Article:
MANCHESTER’S iconic music scene has seen something of a resurgence recently, with hip hop and rnb leading the way. Rapper Geko believes he is at the crest of the wave.

Geko, 20, has been in the game for longer than almost anyone his age. His first freestyle for Charlie Sloth’s Fire In The Booth was recorded when he was just 14 and is now racking up nearly a million views on YouTube. Around the same time, he was featured in Sloth’s “It’s Grime Up North” documentary showcasing his emotive bars. These feats came at such a young age, in fact, that BBC had to ring his parents for permission to feature the young talent.

Six years on and Geko is focusing on rhythms over rhymes.

Lock The Door, Geko’s new single, is a afrobeats inspired groover, with hints of J Hus among others. It came hot on the heels of his debut full length record, Lion Heart.

“When you’re an artist and you’re sick of a song, we just want to get it out there y’know,” he says of his fast paced releases. It seems to be working however, as at the time of writing “Lock The Door,” sits at over 258,000 YouTube views just a week after release.

Geko’s proud of his part in bigging up the current afrobeats trend.

“The dates don’t lie. I started it, everyone else started it. They don’t want to accept it though, ‘cause they’re from London and they don’t like things outside their city. But eeryone has to know me. I’m gonna make them know me by force.”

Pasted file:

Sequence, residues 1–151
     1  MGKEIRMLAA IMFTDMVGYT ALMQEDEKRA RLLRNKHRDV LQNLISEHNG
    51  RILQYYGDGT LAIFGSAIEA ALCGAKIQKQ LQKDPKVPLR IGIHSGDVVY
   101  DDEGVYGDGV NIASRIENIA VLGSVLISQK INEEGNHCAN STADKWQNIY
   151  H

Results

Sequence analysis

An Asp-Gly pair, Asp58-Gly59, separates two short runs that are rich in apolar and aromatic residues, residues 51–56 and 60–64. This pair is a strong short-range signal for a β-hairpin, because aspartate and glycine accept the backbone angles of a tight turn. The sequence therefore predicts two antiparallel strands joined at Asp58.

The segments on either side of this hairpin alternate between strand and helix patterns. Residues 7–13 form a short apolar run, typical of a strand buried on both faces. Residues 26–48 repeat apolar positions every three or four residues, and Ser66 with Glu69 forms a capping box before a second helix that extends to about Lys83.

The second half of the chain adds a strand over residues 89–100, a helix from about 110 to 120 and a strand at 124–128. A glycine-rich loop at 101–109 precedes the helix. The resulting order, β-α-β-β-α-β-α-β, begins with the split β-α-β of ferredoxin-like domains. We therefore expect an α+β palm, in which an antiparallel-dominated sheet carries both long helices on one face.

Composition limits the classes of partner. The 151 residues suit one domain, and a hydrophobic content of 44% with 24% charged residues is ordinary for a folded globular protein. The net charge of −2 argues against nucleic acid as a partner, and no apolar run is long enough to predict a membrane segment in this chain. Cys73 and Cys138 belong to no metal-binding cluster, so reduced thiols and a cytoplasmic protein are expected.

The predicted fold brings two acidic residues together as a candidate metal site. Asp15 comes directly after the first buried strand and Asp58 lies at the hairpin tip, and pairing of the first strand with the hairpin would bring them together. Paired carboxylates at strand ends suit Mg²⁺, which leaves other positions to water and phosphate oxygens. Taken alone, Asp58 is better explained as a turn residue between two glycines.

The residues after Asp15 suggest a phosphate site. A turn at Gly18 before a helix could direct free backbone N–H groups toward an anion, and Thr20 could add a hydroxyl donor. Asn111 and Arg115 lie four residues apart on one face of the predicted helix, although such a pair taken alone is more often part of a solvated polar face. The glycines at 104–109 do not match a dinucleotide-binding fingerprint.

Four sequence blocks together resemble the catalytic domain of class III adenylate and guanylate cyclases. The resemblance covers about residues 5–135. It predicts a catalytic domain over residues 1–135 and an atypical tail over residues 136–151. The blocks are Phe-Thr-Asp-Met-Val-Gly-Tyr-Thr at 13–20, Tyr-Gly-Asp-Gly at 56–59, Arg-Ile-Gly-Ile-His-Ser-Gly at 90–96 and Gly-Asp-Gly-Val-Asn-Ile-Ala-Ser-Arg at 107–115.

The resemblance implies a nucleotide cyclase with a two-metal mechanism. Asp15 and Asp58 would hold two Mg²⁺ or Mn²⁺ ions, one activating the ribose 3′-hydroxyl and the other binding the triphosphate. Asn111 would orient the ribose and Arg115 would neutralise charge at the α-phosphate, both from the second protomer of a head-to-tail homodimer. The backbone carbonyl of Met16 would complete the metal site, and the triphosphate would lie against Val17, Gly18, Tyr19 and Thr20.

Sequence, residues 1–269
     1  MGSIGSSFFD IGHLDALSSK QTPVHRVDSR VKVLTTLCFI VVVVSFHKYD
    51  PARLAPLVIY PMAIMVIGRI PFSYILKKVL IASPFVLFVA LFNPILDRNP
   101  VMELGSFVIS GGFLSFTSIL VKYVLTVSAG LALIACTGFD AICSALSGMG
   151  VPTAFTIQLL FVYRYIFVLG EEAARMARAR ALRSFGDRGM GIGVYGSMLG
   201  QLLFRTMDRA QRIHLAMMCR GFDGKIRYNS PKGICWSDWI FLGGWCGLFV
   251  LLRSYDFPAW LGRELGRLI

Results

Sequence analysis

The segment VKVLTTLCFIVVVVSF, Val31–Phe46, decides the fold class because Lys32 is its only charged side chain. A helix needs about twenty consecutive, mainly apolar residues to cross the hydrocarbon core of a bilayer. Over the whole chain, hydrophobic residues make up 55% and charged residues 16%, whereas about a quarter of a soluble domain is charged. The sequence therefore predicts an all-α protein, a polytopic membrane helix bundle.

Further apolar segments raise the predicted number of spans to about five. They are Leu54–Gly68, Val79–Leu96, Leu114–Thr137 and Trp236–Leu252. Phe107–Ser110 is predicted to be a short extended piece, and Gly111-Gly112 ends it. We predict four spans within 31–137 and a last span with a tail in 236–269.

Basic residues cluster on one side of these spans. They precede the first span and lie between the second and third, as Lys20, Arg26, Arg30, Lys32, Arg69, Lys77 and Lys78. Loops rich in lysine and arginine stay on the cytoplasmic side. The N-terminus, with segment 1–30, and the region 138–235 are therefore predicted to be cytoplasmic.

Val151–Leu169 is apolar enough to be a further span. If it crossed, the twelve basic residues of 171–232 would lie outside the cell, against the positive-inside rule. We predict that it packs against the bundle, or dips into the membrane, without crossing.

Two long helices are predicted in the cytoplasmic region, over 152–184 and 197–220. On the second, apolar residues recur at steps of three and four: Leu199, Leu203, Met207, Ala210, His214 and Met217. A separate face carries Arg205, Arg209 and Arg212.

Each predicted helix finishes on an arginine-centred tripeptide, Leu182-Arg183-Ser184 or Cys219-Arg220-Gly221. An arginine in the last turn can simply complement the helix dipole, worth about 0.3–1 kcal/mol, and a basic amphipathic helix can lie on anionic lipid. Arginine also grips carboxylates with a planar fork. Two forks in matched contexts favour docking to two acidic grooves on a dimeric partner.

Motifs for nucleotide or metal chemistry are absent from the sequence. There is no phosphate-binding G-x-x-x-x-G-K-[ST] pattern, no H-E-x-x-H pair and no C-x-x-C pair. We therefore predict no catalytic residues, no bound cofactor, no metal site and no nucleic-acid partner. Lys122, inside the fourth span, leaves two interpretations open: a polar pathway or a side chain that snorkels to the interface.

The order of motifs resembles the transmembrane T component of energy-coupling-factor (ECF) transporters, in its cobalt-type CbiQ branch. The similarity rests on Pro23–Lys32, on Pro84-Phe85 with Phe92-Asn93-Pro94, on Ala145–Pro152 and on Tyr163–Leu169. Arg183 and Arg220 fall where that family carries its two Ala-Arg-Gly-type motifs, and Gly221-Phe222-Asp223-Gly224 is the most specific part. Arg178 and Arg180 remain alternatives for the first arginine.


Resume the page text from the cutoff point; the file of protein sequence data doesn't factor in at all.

In an interview with Sky News back in May, Geko claimed to have once known the perpetrator of the Manchester Arena attack, “idiot,” Salman Abedi. He tells me that he doesn’t want to dwell on the topic however – “he’s an idiot and he’s dead.”

“Right now, in Manchester, everyone’s moving on. We’re all chilling.”

However, when it comes to the Government reaction to the atrocity, Geko goes on:

“It’s a cold world though. Like that Grenfell Tower, no one cares anymore. They moved on way you fast, they should be carrying on with the case.

“My response is to get people in the clubs. Releasing some bangers, you get me? Boom. Put some positivity out there, having people dancing instead of crying man.”

As for the Manchester scene, Geko believes that his city will one day be as important to grime and hip hop as London is.

“It will be, but it’ll take a couple years. ‘Cause no one looks down here, there’s bare people doing their ting though.”

The ILOVELIVE show that Geko is set to headline September 17th is the latest in a series of gigs that have made famous names including Ed Sheeran and Tinie Tempah in years past.

“I don’t even feel like I’m doing a big tour though,” he explains.

“I feel like I’m going to perform on a normal show. I don’t get hyped, though. You could say I got a tune with DJ Khaled. I wouldn’t be phased. I’d be like, safe. I don’t get hyped.”

Though his words are restrained, it feels as though Geko is confident he is the next big thing.

“If it happens it happens, if it works it works,” he grins.

Geko’s 22 EP is out soon.
He headlines the Zombie Shack ILOVELIVE show September 17th. Tickets available here.

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